Ben Stokes has said that he will be retiring from one-day international cricket after the Tuesday's match against South Africa.
The current Test-match captain made the surprise announcement on Monday after deciding that he can no longer commit himself all three formats, but will continue to play in T20 Internationals.
Stokes, who famously led his country to glory in the 2019 World Cup final with an unforgettable performance, admitted that the current relentless schedule of international cricket was taking its toll on his body.
He will take the field at Chester-le-Street against South Africa in the first of three ODIs as Jos Buttler looks to win his first series as white-ball captain.
“I will play my last game for England in ODI cricket on Tuesday in Durham,” said Stokes in a statement on Monday.
“I have decided to retire from this format. This has been an incredibly tough decision to make. I have loved every minute of playing with my mates for England. We have had an incredible journey on the way.
“As hard as a decision as this was to come to, it’s not as hard dealing with the fact I can’t give my teammates 100 per cent of myself in this format any more. The England shirt deserves nothing less from anyone who wears it.
“Three formats are just unsustainable for me now. Not only do I feel that my body is letting me down because of the schedule and what is expected of us, but I also feel that I am taking the place of another player who can give Jos and the rest of the team their all.
“It’s time for someone else to progress as a cricketer and make incredible memories like I have over the past 11 years.
“I will give everything I have to Test cricket, and now, with this decision, I feel I can also give my total commitment to the T20 format.”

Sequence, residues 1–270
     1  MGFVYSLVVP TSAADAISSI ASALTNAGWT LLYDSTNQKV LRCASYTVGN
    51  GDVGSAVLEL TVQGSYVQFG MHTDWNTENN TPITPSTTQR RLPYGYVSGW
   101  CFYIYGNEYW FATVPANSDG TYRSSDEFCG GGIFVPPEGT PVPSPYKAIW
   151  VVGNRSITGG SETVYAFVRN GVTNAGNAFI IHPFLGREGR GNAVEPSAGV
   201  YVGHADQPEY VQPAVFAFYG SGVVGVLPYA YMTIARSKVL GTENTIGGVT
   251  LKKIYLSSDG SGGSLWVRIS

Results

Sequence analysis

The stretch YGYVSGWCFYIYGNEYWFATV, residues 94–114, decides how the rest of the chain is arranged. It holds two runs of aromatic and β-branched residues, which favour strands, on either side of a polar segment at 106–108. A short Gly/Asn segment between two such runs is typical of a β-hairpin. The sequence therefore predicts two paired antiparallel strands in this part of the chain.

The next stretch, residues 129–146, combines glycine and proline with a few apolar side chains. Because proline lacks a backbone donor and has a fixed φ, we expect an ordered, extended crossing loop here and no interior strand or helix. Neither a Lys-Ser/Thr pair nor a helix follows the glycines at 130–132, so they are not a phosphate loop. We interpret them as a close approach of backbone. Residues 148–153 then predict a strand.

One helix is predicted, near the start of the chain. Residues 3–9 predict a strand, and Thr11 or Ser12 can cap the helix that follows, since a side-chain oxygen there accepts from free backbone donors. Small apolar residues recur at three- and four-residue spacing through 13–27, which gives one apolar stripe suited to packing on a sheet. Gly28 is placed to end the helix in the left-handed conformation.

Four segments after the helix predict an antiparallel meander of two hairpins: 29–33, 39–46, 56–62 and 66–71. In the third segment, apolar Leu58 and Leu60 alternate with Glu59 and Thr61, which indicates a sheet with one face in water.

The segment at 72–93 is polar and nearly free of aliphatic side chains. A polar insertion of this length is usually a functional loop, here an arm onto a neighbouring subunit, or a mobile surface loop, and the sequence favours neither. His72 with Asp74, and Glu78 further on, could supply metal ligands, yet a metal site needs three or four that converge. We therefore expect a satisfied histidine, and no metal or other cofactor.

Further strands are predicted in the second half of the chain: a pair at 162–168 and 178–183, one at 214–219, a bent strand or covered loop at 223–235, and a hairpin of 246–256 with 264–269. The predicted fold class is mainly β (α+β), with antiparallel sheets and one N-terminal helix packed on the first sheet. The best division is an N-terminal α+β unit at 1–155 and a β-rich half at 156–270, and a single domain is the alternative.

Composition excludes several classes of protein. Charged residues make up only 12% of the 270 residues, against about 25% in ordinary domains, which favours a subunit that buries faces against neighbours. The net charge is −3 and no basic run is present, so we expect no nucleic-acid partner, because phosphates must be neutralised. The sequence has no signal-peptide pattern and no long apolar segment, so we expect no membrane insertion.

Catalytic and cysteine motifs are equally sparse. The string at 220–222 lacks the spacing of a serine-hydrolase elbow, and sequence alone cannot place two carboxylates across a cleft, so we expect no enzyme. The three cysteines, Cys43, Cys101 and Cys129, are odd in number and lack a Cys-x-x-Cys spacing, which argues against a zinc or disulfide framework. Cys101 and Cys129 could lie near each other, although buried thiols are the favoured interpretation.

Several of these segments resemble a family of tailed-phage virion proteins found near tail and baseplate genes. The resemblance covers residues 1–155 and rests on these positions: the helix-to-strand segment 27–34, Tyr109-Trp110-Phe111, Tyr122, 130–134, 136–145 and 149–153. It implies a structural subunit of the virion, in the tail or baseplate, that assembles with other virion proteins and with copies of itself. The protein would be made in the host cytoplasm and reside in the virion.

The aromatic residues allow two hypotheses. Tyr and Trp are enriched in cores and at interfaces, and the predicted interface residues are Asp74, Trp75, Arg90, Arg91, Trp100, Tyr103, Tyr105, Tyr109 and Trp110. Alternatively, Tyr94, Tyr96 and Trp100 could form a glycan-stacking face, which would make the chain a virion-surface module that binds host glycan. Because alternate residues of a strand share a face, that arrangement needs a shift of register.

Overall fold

After making his ODI debut against Ireland in 2011, all-rounder Stokes has scored 2,919 runs, including three centuries, and taken 74 wickets.
He also captained the 50-over side during last summer’s 3-0 Royal London Series victory against Pakistan.
“I would like to wish Jos Buttler, [coach] Matthew Mott, the players and the support staff every success going forward. We have made great strides in white-ball cricket over the past seven years, and the future looks bright.
“I have loved all 104 games I have played so far, I’ve got one more, and it feels amazing to be playing my last game at my home ground in Durham.
“As always, the England fans have always been there for me and will continue to be there. You’re the best fans in the world. I hope we can win on Tuesday and set the series up nicely against South Africa.”
England manager director Rob Key hailed Stokes' “incredible international career in ODI cricket”, also saying that he “completely understood” his decision.
“I’m sure that when we look back on Ben’s career and see this as one of the reasons he will play 120-plus Tests and help England in T20 matches and World Cups for many years to come,” added Key.
“It is a typically selfless decision that will benefit England long-term.”